This case would seem to put at rest the question as to the manner in which the bail is to avail himself of any matter, which entitles him to relief when application is made after the return of the capias ad satisfaciendum -- that it must be by motion and not by plea in bar. But if this was pleadable, the plea now in question is defective. It does not allege a surrender of the principals or that an exoneretur has been entered.

Page 34 U. S. 370

It may be admitted that the bail would have been entitled to relief, on motion to the court for that purpose. But this will not sustain the plea, according to the doctrine of the case just referred to, of Davison v. Taylor. But it may be questionable whether the bail would have been relieved in this case on motion. Such an application is seldom if ever granted unless the matter upon which the motion is founded arose before the bail is fixed in law -- viz.. before the return of the capias ad satisfaciendum. 1 Caines 10. In this case, one of the principals was not discharged until several months after the return of the capias ad satisfaciendum. And this appears upon the record.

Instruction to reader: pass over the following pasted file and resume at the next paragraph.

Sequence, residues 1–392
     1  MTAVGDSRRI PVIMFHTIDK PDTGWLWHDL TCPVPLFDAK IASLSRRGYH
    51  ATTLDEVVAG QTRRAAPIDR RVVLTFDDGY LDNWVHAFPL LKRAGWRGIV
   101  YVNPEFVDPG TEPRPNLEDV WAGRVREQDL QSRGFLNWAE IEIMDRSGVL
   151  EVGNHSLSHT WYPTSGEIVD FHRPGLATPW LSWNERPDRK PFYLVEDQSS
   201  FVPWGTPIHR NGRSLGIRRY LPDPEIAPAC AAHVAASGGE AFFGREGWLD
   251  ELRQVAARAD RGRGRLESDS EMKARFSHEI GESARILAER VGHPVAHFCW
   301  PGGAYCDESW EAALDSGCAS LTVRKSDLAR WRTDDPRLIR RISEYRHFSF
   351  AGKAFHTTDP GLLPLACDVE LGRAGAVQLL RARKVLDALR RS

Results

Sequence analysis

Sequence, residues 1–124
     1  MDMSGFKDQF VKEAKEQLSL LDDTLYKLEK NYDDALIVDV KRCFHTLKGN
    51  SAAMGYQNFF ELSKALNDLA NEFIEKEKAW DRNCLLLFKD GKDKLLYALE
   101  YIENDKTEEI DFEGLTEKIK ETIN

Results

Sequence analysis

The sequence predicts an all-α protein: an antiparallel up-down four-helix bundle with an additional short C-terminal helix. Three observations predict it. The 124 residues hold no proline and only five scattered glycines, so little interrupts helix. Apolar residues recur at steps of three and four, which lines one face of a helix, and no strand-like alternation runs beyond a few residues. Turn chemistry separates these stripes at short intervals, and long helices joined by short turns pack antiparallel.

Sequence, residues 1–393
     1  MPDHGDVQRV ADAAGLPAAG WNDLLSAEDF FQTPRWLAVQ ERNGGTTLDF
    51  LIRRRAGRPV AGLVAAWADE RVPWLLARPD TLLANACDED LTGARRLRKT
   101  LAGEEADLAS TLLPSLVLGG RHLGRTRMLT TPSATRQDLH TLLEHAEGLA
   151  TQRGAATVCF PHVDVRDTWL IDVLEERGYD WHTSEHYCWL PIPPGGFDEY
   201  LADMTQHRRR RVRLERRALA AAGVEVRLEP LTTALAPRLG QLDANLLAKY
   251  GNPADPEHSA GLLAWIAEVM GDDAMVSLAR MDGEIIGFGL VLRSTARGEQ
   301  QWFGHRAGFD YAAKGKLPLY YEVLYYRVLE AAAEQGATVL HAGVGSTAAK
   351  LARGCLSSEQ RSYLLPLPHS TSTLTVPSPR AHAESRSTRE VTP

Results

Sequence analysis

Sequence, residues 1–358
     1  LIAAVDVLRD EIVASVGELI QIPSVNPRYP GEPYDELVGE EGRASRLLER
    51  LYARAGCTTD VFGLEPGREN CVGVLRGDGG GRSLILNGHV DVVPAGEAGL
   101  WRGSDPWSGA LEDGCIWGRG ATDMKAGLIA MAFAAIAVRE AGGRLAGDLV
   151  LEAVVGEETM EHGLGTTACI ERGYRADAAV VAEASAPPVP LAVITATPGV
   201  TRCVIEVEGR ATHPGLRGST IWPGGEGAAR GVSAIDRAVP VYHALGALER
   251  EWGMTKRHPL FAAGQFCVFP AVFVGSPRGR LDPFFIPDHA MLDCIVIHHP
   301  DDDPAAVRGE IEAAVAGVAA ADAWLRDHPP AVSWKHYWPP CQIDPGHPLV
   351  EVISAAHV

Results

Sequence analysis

In the case of Olcott v. Lilly, 4 Johns. 408, Chief Justice Kent says there is no case in which the death of the principal, after the return and filing of the capias ad satisfaciendum, has been allowed as ground for the relief of the bail. All the cases agree that after the bail are fixed, de jure, they take the risk of the death of the principal. The attempt for relief has frequently been made and as often denied. That the time which is allowed the bail ex gratia, is at their peril, and they must surrender. That there are many cases where the bail have been relieved on motion. But, in these cases the event upon which the bail has been relieved happened before the bail became fixed. That in cases of insolvency, time has been allowed the bail ex gratia to surrender, to prevent circuity of action. But there is no intimation that such insolvency could be pleaded in bar. Indeed its being allowed ex gratia, according to the language of all the cases, is conclusive to show that it could not be pleaded as a legal discharge of the bail. In the case of Chatham v. Lewis, 2 Johns. 103, the surrender was within eight days after the return of the writ against the bail, and the court ordered an exoneretur, saying that, technically speaking, such surrender cannot be pleaded, and so is not de jure. The relief is on motion and not by plea, and the court always requires the costs in the suit or the recognizance to be paid. The same doctrine is fully settled in the English courts. In the case of Donally v. Dunn, 1 Bos. & Pul. 448, the position is laid down broadly that bail cannot plead the bankruptcy and certificate of their principal in their own discharge. Lord Eldon, however, observed that they did not mean to preclude any application for summary relief on the part of the